Telling Stories on the Big Screen
By Karl Whitmore
"I'm an artist who tells stories about people who look like me."
- Globe & Mail
Clement Virgo is a celebrated Canadian filmmaker. It is fitting that the 40 something year old Jamaican-born filmmaker's latest film Poor Boy's Story, starring Danny Glover, will lead several Canadian entries, premiering at one of the most the prestigious film festivals in the world - the Berlin International Film Festival.
Speaking about his new film, Virgo said, "My passion for Poor Boy's Game was sparked by the idea of exploring tribalism through two characters that choose to step outside of their respective tribes in order to heal a community." Virgo draws comparisons between Poor Boy's Story and classic American films such as On The Waterfront, Rebel Without a Cause and Marty.
Poor Boys Game, a drama, was shot in Spryfield and Halifax in the spring of 2006. Directed by the Toronto-based Virgo, the film's script was written by Nova Scotia native Chas Thorne.
Clement Virgo's work is also no stranger to Cannes. Twelve years ago, he became an international sensation for his directorial debut for Rude which won Best Director Award in the Genie Awards, Canada's answer to the Oscars in '96 a nomination for Best Screenplay that year.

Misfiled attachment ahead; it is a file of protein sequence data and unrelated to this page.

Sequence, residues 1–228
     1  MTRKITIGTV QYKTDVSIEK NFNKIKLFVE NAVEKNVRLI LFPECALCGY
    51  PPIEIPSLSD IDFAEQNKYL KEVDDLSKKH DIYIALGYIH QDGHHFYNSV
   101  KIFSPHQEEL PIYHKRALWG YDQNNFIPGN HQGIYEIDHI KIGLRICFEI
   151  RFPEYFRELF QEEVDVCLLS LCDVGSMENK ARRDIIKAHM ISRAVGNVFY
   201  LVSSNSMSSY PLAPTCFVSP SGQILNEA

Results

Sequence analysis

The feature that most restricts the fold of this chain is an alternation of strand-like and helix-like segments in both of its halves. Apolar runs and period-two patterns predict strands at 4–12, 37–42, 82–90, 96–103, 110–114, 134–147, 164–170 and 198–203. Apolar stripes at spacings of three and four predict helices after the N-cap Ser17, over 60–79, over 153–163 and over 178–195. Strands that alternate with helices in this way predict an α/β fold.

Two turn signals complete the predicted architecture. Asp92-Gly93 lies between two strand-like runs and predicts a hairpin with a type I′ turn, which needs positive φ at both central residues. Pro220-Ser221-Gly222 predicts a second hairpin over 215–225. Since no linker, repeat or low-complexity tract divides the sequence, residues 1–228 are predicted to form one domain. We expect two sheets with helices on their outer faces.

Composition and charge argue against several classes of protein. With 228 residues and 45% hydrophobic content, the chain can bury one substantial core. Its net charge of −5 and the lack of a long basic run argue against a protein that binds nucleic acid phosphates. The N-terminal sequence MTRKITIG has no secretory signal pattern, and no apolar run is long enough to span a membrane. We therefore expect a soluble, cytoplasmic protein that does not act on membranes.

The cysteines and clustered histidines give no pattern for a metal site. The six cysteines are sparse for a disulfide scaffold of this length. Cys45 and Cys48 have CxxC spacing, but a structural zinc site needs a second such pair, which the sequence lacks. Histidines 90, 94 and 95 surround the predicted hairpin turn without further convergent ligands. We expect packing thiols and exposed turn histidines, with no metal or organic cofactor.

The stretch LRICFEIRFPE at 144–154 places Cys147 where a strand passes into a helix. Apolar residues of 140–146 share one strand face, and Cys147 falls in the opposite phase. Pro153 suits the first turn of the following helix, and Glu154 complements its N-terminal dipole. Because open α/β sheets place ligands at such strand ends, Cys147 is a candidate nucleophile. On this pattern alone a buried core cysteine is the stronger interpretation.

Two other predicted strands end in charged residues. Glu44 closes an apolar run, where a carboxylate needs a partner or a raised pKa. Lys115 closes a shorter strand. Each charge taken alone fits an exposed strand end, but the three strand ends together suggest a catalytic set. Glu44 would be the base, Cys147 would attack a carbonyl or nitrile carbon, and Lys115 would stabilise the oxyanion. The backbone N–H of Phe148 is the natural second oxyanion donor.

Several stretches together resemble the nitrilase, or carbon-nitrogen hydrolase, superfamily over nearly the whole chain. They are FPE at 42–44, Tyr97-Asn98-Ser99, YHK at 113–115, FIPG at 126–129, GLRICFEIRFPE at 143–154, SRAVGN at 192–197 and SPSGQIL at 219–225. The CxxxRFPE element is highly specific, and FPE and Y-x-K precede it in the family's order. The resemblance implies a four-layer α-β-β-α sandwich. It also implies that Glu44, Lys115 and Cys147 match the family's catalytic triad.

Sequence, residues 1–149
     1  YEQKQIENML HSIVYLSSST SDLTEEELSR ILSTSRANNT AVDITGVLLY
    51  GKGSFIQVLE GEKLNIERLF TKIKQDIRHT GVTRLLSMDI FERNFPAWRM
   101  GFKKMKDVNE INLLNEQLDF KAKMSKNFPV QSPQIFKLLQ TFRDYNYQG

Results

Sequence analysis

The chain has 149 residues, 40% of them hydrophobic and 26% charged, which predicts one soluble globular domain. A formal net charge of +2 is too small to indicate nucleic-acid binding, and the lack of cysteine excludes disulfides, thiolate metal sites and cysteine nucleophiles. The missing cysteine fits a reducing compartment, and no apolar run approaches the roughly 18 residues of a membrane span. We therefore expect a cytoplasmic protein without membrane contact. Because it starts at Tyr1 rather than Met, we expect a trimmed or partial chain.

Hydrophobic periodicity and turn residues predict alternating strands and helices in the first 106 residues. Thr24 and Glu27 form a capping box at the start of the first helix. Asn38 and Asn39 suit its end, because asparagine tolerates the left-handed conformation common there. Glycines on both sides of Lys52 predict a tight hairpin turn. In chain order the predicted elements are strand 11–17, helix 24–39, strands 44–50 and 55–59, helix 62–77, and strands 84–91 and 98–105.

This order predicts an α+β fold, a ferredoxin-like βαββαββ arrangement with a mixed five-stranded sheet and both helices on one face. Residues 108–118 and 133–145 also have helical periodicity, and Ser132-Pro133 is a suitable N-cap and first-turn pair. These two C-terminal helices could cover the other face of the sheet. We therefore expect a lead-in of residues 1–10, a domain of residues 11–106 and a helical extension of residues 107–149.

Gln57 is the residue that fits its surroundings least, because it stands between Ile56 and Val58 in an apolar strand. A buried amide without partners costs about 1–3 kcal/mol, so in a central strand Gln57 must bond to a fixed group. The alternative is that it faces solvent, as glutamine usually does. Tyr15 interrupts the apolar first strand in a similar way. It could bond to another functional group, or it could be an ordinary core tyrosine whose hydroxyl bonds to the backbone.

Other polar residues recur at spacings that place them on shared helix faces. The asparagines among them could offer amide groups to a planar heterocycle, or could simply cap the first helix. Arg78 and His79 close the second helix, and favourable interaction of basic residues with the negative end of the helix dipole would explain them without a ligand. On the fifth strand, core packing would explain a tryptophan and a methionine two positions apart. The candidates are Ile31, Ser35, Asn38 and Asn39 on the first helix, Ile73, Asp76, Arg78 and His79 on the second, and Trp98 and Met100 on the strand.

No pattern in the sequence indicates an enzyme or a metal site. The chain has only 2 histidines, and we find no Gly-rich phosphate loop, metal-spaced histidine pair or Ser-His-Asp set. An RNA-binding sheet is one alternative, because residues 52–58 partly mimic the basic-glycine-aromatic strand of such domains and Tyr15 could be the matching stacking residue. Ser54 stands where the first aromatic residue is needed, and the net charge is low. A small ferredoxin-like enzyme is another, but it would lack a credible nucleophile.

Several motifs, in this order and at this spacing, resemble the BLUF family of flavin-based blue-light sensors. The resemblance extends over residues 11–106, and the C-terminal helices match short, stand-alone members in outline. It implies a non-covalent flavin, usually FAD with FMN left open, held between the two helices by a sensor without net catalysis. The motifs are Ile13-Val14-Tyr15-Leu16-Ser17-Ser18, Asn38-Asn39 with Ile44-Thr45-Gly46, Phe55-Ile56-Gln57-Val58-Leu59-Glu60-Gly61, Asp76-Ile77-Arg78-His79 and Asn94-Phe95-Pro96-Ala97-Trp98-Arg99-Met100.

Then came the awards: three Genies for Love Come Down in 2000, an Emmy nomination for The Planet of Luther Brown in '97, and critically acclaimed videos. In 2005 he released the sexually explicit, Lie With Me based on a book written by his wife, Tamara Faith Berger.
The journey to becoming a filmmaker is one many young immigrant students are familiar with. At the age of 11 Virgo, his mom and his three siblings immigrated to the Oakwood and Eglinton area of West Toronto.
In high school, though he had a passion for film, it was simply not encouraged. In a 2007 interview in the Globe & Mail, he revealed "I didn't know what I wanted to do. I liked art, but I was told to pick a trade. I picked woodworking."
Still, it took a film program for filmmakers of colour at the Canadian Film Centre for him realize his dream deferred. His 1993 short film won prizes for Best Short Film at the 1993 Toronto and Chicago International Film Festivals and then there was no looking back.